Gmail's new design: Love it or hate it, looks like you'll soon have to use it

The new Gmail will just be Gmail soon after it reaches general availability.

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This article originally appeared on ZDNet.

The newly designed Gmail has been an option for Gmail users for the past month but soon it will be the only choice.

Until now, consumer Gmail users have had the option to 'Try the new Gmail', while G Suite admins have been able to let parts or all of an organization try it through Google's Early Adopter Program.

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But in July the new Gmail will move to general availability and G Suite users will gradually lose the option to opt out of the new design. Presumably this change will also apply to Gmail users around the same timeframe.

G Suite admins will have three choices for rolling out the new Gmail to their users, according to Google's timeline for the new Gmail.

Admins can immediately transition their users to the new Gmail, and users will still have the choice to opt out for a limited time.

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Admins can also let users opt in to the new Gmail when they want. Or admins can wait for four weeks until their users are allowed to opt in to the new Gmail. The last option is the default setting.

From there, gradually all G Suite users will be transitioned to the new Gmail across two phases. About two months after July, all users who aren't on the new Gmail will be pushed across automatically, but they'll be able to opt out for the next four weeks.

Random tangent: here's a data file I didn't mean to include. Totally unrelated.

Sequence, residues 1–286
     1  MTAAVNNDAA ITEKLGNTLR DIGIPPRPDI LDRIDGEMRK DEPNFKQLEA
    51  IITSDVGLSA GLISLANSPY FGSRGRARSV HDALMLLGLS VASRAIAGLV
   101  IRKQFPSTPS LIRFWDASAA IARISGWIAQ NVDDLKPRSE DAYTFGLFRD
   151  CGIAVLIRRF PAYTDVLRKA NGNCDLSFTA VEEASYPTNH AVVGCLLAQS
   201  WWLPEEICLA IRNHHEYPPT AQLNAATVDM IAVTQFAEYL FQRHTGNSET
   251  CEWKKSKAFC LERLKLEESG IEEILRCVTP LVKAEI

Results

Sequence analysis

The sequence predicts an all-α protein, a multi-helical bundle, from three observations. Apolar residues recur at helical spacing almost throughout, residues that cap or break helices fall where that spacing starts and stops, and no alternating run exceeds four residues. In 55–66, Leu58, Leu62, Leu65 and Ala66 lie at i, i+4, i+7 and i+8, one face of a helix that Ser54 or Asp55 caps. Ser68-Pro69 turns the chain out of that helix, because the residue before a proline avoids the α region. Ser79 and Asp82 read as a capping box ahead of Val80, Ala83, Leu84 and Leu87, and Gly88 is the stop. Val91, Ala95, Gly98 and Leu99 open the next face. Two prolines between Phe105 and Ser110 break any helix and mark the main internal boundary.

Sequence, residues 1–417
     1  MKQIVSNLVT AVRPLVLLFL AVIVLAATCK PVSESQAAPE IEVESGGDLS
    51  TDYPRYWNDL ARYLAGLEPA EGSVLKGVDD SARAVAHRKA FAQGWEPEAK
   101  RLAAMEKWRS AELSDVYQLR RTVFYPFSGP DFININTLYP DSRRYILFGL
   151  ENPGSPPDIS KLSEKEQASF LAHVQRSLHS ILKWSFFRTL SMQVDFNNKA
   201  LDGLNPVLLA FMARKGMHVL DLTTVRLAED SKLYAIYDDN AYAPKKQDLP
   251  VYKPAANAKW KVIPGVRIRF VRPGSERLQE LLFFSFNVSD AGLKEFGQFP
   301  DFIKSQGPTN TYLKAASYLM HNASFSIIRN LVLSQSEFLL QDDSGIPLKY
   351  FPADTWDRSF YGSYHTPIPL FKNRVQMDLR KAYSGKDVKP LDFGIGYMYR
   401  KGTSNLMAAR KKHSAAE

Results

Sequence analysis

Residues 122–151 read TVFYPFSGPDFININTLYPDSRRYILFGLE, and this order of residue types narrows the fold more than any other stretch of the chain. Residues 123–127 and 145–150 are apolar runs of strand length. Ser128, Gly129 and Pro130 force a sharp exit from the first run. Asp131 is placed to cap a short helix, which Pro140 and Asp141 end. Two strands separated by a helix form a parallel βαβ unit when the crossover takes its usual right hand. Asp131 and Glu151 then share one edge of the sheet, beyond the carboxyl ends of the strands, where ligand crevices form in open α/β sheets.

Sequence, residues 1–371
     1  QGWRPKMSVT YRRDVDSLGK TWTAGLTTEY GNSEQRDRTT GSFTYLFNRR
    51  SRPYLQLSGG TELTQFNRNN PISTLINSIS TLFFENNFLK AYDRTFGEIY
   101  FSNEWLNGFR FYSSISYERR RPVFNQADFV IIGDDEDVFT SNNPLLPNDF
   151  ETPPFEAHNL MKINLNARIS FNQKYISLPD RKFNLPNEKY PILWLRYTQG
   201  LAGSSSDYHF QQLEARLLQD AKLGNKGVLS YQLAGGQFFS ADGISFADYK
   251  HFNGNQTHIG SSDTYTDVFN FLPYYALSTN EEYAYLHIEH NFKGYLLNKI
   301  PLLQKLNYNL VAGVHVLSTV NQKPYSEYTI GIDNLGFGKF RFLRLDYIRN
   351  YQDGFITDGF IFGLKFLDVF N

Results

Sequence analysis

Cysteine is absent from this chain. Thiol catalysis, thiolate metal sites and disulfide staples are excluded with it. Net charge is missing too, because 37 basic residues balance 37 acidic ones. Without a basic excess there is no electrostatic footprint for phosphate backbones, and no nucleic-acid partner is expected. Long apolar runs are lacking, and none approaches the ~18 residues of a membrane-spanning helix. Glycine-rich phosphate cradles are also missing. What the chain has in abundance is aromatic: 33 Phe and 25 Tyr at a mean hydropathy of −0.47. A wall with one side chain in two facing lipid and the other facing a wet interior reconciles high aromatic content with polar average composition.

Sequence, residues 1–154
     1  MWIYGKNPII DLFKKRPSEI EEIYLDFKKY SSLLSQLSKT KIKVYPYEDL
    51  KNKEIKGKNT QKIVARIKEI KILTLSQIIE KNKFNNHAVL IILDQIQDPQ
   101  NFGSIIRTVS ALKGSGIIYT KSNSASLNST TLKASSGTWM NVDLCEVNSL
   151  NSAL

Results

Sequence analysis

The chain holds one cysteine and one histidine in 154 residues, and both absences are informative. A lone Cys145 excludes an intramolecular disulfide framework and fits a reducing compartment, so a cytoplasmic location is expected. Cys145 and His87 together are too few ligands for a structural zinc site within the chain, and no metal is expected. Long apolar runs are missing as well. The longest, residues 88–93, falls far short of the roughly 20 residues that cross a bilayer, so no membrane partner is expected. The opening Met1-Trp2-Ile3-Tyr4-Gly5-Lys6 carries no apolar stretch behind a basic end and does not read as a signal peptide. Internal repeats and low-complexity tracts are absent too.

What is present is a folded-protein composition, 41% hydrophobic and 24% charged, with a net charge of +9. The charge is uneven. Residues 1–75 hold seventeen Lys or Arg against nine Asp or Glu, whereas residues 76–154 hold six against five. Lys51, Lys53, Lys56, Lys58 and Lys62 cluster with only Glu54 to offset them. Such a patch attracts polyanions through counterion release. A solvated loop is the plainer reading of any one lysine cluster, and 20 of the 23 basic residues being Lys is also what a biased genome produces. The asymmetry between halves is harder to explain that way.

Three months after July, around October, anyone who opted out of the new Gmail will be bumped across once again and the choice to opt out disappears. The opt-out will also no longer be available to users who've moved to the new Gmail already.

Features of the new Gmail such as offline and confidential mode will be off by default when the new version reaches general availability in July.

Google's Gmail update was focused on AI-powered productivity improvements, such as suggested replies, as well as collaboration, and security. It also integrated Calendar, Tasks, Keep, and Add-ons to enable use of these apps from within Gmail.

Google plans to provide further transitions in details in July but is encouraging admins to start testing it with users now.

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By Liam Tung

Liam Tung is an Australian business technology journalist living a few too many Swedish miles north of Stockholm for his liking. He gained a bachelors degree in economics and arts (cultural studies) at Sydney's Macquarie University, but hacked (witho...